Some 50 editors working for MSN, Microsoft’s news operation, have learned their contracts won’t be renewed and their jobs will be performed by artificial intelligence software, according to multiple news reports.
The contractors hired through staffing agencies Aquent, IFG and MAQ Consulting were notified May 27 that their services would not be needed beyond June 30, The Seattle Times reported last week.
There was no mention of artificial intelligence in a statement provided to TechNewsWorld by company rep Tayor Jerue.
“Like all companies, we evaluate our business on a regular basis,” Microsoft stated. “This can result in increased investment in some places and, from time to time, re-deployment in others. These decisions are not the result of the current pandemic.”
All full-time news producers working at MSN, whose duties are similar to those of the contractors, will remain with the company, the Times reported.
MSN will use AI to do the jobs of the editors, which include identifying trending news stories, rewriting headlines, and adding photos and slideshows to stories, the paper said, citing anonymous sources.
The contractors also planned content, maintained editorial calendars, and assigned content to partner news websites.
Weird, Boring Stories
“What Microsoft is doing doesn’t sound that different from what Google News does,” said Dan Kennedy, professor in the School of Journalism at Northeastern University in Boston.
“The human editors at Microsoft were doing what Google News has been doing automatically for years,” he told TechNewsWorld, “which is aggregating stories into a page of news.”
There have been efforts to use AI to take over some functions of journalism for quite a few years, but they haven’t been all that successful so far, Kennedy noted.
The Associated Press, for example, uses software to generate coverage of quarterly earnings reports for about 3,700 companies. In that case, though, the AP is using AI to broaden its coverage, since it doesn’t have the resources to cover the earnings reports of so many companies.
One experimental approach was to have stringers feed data about local sports events into a program that then writes a story about the event.
“It’s very limited, and the stories are kind of weird and boring,” Kennedy said. “There is no substitute for the judgment of a good human editor.”
Machine-written stories may not be a good idea from a journalist’s point of view, but media owners bent on reducing payroll may have a different perspective.
“It’s one thing when Google or Microsoft does something in this area, because you don’t think of them as news companies — but if this is successful, it could bleed over into real news companies,” Kennedy said.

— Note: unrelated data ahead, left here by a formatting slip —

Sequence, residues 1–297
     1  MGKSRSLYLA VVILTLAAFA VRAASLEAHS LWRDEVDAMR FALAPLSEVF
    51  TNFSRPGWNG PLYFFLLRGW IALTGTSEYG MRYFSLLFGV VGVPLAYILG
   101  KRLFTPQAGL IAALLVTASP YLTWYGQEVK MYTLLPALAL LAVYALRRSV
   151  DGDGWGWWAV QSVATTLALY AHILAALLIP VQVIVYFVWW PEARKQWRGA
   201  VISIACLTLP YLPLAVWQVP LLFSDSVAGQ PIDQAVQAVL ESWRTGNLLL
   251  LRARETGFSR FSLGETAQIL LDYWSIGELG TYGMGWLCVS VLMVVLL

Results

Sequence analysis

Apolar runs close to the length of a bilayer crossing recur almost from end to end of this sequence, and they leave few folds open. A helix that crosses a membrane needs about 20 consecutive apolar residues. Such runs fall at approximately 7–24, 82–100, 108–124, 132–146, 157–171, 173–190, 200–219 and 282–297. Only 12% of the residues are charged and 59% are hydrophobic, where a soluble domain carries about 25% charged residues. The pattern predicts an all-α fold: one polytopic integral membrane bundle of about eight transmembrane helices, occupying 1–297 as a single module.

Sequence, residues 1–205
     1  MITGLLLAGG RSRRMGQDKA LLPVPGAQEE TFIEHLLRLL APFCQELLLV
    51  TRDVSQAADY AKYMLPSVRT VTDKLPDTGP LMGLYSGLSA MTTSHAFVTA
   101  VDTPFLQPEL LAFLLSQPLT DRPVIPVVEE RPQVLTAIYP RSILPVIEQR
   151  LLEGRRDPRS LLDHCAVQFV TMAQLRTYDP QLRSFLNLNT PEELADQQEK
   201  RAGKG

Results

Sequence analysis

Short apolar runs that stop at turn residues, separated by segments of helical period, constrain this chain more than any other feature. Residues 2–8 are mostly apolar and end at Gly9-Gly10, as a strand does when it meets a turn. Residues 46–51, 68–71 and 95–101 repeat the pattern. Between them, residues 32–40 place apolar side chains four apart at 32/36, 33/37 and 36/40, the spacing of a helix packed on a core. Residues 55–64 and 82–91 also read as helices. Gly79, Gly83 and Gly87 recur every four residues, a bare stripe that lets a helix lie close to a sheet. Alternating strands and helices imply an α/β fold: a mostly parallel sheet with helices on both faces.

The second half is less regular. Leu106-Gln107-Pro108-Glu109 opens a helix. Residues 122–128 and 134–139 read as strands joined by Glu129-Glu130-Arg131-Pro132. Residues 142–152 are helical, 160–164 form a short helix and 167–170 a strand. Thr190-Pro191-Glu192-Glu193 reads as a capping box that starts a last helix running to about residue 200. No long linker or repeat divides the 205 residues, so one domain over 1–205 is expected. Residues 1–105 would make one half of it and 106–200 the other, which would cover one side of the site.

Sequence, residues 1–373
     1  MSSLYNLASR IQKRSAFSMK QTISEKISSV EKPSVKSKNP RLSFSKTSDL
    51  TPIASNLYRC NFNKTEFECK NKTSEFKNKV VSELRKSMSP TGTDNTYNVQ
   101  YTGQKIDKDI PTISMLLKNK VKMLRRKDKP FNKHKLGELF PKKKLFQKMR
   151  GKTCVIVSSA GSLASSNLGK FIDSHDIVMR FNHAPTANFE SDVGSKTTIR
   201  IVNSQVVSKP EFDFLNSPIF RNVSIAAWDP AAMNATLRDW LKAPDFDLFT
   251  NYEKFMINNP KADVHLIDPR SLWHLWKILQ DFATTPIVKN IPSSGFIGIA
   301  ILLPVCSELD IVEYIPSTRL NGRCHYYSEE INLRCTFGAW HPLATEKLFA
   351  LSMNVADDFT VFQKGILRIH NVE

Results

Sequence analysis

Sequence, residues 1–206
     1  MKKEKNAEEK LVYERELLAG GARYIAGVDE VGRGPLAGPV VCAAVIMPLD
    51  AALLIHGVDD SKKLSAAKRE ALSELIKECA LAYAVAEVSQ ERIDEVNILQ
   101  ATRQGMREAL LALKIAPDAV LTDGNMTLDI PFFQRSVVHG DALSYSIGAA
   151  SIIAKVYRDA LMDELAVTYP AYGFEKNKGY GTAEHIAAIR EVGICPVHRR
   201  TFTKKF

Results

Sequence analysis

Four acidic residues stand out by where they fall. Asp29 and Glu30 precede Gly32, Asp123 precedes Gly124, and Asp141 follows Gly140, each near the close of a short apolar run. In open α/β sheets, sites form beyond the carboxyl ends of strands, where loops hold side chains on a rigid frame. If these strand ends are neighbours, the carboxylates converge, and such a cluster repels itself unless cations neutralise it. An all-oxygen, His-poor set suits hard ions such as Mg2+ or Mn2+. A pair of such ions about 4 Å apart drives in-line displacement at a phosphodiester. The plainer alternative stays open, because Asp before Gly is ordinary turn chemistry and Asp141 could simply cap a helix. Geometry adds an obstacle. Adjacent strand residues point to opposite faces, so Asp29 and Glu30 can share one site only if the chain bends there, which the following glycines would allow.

“That will mean not only fewer jobs for journalists, but a diminished editorial product,” he pointed out, “because you’re eliminating a layer of human judgment.”
However, journalists shouldn’t be threatened by AI in the near term, said Kennedy.
“The technology isn’t good enough, yet — but that could change,” he continued. “I suppose it’s going to get better, and at some point it will present a real threat to not only jobs but the whole philosophy of having human editorial judgment applied to journalism.”
Anyone who has had a post deleted by Facebook knows the pitfalls of using algorithms to make editorial judgments, Kennedy added. “You can’t argue with them. You can’t reason with them. You can’t get them to change their mind. The fewer humans you have in the process, the more diminished the journalism is.”
Gaming the AI
Artificial intelligence systems eventually might start writing stories, but that would be a mistake, said Bill Ostendorf, president of Creative Circle Media Consulting in Providence, Rhode Island.
“Once it’s discovered how the AI is writing a story, it can be manipulated to hide data or omit it,” he told TechNewsWorld.
One area where AI is a journalist’s friend, though, is in processing massive amounts of data. “AI is good at hunting and finding data in databases,” Ostendorf said.
If AI makes any inroads in journalism, it’s likely to be with large news outfits with deep pockets.
“Ninety percent of newspapers don’t even have the resources to do an infographic, so AI is going to be out of their reach,” Ostendorf noted.
It’s common when selling change to the rank and file of an organization to sell it as a way to help employees do a better job. That’s the case with AI for journalists, too. It’s supposed to free them up to do more high-value stories.
“Developers may genuinely believe their software is going to make a person’s job better,” Ostendorf said, “but for management it’s usually about reducing headcount, not making anyone’s job better.”
Americans Skeptical of AI
AI performs many journalistic tasks that would go undone without it, such as writing thousands of earnings reports, wrote business journalist Mikael Trnwall in a report prepared for multinational networking and telecommunications company Ericsson, based in Sweden.
“Yet it would be naive to believe that media companies will not also use technology to cut costs by reducing staff,” he wrote. “In this sense, artificial intelligence is both an opportunity for journalism and a threat to journalists.”
As part of the report, a survey was conducted by Kantar SIFO of more than 4,000 people in Sweden, South Korea, Brazil, and the United States about AI and journalism. Of the four nations, U.S. citizens were the most skeptical of AI.
Asked if algorithms would be choosing all or some of the news they consumed in the future, 83 percent of South Koreans said yes, followed by 72 percent of Brazilians, 49 percent of Swedes and 46 percent of Americans.
The survey group also was asked if software would write articles in place of journalists. Eighty-one percent of Koreans believed machines would be writing news stories for them in the future, followed by 63 percent of Brazilians, 53 percent of Swedes, and 47 percent of Americans.